Spain's lucrative tourism industry has long been a target for Basque separatist group ETA.
A British tourist was injured in Fuengirola in 2002
In 2001 the authorities spent nearly 2.6 million euros on improving security in tourist resorts after a series of bomb attacks, including attacks at a hotel in Salou and at Malaga airport.
The attacks continued in 2002 and the signs are that 2003 will follow the same pattern.
But commentators do not expect the bombs to have a major impact on the numbers of tourists visiting the country - whose custom is worth 44 billion euros a year.
"Attacks like these do not really register on the radar, to be honest," said a spokeswoman for the Association of British Travel Agents, Frances Tukes.
Facts of life
"You can sometimes see a dramatic drop-off very close to the event, but a couple of weeks later it is back to normal."
The impact of ETA bombs bears no comparison, she says, to that of the 11 September attacks, which was far-reaching.
Pituca Catou of the Spanish Tourist office in London says British travellers - who make up the largest single group of visitors to Spain - accept that isolated small-scale attacks are a fact of modern life.
"These things happen in all countries - and in Northern Ireland too," she says.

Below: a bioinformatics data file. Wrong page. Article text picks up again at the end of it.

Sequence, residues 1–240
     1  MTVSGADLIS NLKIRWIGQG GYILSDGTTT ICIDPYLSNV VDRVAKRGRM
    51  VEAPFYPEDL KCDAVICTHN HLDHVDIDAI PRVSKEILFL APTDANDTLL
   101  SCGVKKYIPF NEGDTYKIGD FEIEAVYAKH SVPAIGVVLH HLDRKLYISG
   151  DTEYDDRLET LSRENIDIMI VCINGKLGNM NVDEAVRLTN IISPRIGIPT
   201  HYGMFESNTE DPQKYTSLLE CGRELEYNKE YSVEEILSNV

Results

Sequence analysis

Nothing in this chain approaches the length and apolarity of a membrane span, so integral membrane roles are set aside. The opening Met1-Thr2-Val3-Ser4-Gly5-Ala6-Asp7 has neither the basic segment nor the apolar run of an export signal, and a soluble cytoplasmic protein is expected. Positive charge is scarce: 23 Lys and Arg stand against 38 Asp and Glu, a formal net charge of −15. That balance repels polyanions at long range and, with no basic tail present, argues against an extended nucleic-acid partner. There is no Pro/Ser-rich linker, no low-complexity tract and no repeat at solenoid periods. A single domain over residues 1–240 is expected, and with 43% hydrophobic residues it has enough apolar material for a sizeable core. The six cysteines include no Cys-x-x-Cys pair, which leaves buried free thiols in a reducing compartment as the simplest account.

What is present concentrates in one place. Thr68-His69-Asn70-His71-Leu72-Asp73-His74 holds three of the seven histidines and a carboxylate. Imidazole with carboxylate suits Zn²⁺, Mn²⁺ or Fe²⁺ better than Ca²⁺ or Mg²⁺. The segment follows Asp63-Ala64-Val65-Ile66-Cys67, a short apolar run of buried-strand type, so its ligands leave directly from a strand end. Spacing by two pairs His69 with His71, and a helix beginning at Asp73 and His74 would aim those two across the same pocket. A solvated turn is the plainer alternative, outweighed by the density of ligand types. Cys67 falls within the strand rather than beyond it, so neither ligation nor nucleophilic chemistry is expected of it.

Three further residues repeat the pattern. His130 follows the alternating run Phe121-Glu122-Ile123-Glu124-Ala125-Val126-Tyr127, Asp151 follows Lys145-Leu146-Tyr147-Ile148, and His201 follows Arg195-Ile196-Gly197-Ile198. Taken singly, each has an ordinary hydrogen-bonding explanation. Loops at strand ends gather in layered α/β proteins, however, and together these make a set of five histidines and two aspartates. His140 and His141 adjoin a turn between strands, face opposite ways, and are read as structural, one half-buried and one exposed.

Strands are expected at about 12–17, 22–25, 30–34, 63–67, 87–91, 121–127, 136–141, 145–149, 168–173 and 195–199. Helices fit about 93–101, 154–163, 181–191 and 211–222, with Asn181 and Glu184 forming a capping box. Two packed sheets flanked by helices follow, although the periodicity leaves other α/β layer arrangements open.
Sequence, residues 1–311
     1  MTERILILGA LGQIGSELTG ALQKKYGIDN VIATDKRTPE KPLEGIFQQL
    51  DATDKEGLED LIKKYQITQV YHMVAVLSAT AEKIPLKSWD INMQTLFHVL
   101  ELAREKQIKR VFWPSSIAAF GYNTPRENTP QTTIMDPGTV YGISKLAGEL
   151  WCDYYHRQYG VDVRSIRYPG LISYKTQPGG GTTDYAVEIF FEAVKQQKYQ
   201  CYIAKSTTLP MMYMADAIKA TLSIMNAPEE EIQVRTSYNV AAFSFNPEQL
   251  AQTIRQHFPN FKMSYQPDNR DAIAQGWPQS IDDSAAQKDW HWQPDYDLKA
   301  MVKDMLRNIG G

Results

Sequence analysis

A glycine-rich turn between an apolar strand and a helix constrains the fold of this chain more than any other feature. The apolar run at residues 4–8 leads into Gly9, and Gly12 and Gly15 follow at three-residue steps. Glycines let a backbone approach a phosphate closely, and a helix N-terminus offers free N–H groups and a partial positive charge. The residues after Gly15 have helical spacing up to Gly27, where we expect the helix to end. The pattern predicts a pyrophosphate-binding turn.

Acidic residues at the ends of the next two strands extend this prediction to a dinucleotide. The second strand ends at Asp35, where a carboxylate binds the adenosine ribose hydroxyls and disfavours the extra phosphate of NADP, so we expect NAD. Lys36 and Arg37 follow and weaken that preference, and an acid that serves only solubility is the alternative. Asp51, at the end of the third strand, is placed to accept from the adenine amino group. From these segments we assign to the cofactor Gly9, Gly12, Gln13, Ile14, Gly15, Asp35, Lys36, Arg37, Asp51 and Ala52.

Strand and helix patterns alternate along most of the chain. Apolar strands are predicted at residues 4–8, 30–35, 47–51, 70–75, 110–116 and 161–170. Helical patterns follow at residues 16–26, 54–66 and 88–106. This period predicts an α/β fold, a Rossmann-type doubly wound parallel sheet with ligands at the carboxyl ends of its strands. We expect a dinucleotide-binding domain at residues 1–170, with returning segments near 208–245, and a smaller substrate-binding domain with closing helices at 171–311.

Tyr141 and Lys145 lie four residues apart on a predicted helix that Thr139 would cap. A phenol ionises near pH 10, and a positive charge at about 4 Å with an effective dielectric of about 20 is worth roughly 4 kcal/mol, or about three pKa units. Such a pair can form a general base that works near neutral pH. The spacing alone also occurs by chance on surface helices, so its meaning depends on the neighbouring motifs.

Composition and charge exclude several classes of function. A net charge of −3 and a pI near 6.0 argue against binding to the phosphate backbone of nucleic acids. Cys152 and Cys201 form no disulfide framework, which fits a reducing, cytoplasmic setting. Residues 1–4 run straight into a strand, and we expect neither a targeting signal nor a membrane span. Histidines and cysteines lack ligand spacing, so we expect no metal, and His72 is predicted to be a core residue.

Tourism generates 9% of Spain's gross domestic product and employs 11% of the population.
About 48 million foreign tourists visit Spain each year.
Of these nearly 35% are British and 28% are German.
German travellers showed a greater tendency than their British counterparts to stay at home after 11 September.
Overall, there was a drop-off of between 4% and 5% in the family market - mainly package tours - in Spain in 2002, according to Frances Tukes.
Many Spanish resorts, which originally built their reputation on low-cost no-frills holidays, are trying to move upmarket in order to sustain visitor numbers.
TOP SPANISH DESTINATIONS
The UK Foreign Office points out that although hotels are sometimes targeted - possibly as part of ETA's attempts to extort money from hotel owners - the risks of being injured in an attack are not high.
"Despite the continuing threat, statistically your chances of being caught in a terrorist outrage remain very low," says the latest Foreign Office travel advice.
"But, given the many millions of foreign tourists who visit Spain each year, there will always be the chance of visitors... being in the wrong place at the wrong time."
One of the worst attacks against tourists came in 1997 when 35 British and Irish tourists were injured in an attack in Tarragona on the east coast.
In 2002, there were attacks in Santa Pola and Torrevieja on the Costa Blanca; Fuengirola, Marbella and Mijas on the Costa Del Sol; and Zaragoza and Santander in the north of the country.
In 2003, hotels have been targeted in Bilbao, Pamplona, Alicante and Benidorm.